A Tomato Shortage Could Make Pizza, Sauce, and Salsa More Expensive

Some California farmers can't produce enough tomatoes to "ketchup" for retail demand due to severe weather. Americans may soon feel the pitch

The Golden State produces the most canned tomatoes in the world, stocking pizza, salsa, and pasta sauce, but one of the worst droughts in over a millennium

“We need rain,” Mike Montna, head of the California Tomato Growers Association, told Bloomberg. "We are running out of inventory to meet market demand.

Processing tomatoes, cultivated in California, are used to make sauces, pastes, and soups because they're resilient and not juicy. In recent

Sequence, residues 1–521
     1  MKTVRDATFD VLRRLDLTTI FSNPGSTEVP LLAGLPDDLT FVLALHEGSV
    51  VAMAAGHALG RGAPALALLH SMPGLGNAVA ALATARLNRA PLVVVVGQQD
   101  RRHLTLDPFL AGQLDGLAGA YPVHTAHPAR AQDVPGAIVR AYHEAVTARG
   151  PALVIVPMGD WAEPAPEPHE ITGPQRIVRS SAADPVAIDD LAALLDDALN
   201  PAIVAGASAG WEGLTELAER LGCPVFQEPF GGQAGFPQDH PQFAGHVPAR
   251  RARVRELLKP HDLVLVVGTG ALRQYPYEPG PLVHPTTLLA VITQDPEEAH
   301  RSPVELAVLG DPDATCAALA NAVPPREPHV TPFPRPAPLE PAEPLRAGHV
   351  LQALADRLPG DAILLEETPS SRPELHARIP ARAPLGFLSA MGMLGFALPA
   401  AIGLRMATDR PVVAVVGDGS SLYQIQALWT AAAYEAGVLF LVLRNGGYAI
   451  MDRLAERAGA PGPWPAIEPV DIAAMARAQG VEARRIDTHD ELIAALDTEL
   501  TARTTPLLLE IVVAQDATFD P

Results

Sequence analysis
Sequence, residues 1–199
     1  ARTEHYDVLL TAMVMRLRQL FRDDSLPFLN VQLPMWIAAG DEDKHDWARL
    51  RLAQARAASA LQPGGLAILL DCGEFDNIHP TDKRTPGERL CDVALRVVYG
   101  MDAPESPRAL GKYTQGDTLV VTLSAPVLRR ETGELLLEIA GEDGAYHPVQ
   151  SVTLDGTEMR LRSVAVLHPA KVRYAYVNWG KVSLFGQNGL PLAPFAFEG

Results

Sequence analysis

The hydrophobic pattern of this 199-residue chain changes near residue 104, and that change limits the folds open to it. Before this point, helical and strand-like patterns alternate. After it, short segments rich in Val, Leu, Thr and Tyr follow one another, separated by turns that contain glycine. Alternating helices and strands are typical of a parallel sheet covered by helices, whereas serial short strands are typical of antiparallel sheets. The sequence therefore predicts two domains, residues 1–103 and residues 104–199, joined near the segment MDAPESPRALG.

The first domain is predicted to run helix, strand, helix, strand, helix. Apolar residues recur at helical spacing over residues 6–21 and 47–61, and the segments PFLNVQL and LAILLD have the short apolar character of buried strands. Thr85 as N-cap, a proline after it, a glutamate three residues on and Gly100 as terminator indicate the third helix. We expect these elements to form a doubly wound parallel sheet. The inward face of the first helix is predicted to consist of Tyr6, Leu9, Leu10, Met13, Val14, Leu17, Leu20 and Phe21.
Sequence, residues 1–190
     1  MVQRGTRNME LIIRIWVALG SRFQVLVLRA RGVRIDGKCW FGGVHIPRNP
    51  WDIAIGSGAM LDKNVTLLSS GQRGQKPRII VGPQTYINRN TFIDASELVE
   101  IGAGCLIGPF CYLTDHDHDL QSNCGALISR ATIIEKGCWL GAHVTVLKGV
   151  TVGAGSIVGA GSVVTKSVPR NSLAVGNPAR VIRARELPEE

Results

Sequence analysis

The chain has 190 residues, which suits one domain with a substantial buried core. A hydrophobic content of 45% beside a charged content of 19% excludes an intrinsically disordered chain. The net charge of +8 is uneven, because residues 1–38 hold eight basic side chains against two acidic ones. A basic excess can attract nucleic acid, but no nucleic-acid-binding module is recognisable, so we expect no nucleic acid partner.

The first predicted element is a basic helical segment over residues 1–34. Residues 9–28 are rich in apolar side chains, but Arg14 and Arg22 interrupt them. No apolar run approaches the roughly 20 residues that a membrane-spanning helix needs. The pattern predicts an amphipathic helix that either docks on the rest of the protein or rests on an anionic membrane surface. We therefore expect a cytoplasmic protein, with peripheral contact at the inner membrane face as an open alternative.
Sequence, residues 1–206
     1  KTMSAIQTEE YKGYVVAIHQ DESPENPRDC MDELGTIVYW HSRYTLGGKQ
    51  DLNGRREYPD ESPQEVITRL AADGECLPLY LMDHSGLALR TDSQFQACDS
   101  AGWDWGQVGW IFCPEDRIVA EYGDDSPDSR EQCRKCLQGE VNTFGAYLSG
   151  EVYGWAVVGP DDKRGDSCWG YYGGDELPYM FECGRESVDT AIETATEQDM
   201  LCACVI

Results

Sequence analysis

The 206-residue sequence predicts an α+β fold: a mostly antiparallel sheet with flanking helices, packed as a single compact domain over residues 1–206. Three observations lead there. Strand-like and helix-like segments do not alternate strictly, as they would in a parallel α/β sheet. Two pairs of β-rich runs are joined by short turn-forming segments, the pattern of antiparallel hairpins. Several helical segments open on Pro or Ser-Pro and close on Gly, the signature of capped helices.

years, growers have witnessed rising tomato production costs due to state groundwater limitations and high labor, fuel, and fertilizer costs, lowering yields.

Since 2015, California's processed tomato supply has declined from 14 million tons to 11 million tons in 2021, according to the USDA. The region's drought

"There are simply not enough acres of processing tomatoes being planted this year to ensure that everybody gets their full supply,"

Ingomar Packing Co. manager R. Greg Pruett told Bloomberg. "The water is either too expensive or just not available at any cost."

Pruett noted that tomato paste prices have risen 80% for retailers since last year and that those who haven't secured their supply by now